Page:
I have to admit that I was disappointed when I heard the Lord’s answer; but I wasn’t crushed. I just had to remind myself that I am the Lord’s servant. It’s not about what I want; it’s all about what the Lord wants. Anyway, the Lord didn’t give me much time to be sad because he made an astounding promise. The Lord said, “I will make your name great” (v. 9). How was he going to accomplish that? The Lord promised that he would establish my kingdom. Beginning with my reign, my fellow Israelites would not have to wander. God would plant them in this land he had promised to Abraham and his descendants. God’s people would enjoy rest from their enemies in the land flowing with milk and honey. The promises didn’t stop there. The Lord promised that when my days on earth would be over, he would raise up one of my offspring to succeed me as king. God himself would establish my son’s kingdom. The Lord promised, “Your house and your kingdom will endure forever before me; your throne will be established forever” (v.16).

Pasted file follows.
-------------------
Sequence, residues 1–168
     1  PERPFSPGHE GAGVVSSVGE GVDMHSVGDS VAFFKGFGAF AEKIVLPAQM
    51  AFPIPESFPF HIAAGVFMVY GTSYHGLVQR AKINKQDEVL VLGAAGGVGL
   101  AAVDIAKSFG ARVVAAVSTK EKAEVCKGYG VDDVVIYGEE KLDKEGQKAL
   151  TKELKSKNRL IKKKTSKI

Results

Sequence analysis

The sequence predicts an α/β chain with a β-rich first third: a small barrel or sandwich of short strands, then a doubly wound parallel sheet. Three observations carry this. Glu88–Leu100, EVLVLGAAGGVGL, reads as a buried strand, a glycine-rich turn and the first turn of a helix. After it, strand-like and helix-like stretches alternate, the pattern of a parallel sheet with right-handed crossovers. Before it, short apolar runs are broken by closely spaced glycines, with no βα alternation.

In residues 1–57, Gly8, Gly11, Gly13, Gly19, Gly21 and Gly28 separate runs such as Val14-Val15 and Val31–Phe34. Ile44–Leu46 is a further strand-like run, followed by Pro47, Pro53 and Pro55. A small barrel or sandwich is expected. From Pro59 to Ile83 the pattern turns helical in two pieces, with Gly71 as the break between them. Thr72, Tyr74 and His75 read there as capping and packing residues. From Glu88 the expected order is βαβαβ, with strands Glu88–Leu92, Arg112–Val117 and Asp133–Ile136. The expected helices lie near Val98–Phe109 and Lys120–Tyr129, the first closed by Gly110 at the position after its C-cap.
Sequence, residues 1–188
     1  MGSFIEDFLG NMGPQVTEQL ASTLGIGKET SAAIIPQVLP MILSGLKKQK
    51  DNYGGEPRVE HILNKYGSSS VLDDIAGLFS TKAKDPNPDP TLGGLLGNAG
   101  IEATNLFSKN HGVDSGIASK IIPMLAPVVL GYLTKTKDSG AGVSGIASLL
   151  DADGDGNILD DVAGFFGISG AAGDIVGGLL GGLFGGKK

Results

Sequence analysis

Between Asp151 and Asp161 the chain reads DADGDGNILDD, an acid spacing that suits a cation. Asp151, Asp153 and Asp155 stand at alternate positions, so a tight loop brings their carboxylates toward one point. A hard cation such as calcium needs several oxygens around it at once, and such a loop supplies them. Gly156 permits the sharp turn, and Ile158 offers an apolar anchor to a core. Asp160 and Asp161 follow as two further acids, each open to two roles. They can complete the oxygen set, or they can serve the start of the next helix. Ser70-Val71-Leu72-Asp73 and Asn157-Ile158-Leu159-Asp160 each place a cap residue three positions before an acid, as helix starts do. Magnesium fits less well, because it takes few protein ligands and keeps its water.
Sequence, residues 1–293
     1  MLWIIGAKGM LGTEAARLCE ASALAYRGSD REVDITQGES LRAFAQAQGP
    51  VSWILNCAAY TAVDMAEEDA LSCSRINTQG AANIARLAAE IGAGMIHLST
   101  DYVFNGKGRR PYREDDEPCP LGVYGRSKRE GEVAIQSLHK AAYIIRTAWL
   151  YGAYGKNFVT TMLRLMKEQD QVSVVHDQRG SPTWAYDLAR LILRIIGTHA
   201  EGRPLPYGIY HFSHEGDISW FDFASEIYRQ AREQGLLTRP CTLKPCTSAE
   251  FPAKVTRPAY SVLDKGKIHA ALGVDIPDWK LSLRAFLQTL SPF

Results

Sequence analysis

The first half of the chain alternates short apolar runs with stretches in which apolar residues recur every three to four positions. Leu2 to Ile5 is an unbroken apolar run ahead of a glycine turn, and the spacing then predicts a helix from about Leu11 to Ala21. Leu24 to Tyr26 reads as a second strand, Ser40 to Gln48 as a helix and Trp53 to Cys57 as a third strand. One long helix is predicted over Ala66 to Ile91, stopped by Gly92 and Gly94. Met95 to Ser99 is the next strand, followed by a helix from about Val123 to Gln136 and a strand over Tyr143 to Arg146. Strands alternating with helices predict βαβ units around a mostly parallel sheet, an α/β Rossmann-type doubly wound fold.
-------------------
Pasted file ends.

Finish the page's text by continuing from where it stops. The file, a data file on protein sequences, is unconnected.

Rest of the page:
I could hardly believe what I was hearing! I was amazed, stunned and humbled by Nathan’s message. After I collected my thoughts, I went to the Lord in prayer. “Who am I, LORD, and what is my family, that you have brought me this far?” (v.18). I knew that I didn’t deserve a single one of God’s blessings. Rather, I deserved his wrath and punishment. Yet, in his love he chose me, a lowly shepherd, to be ruler over his people. He gave me the privilege of serving him as king over Israel for forty years. Many of the details of my reign and life are recorded in this book you call the Bible. Yet, this book isn’t really about me; it’s all about God’s love for me and for you.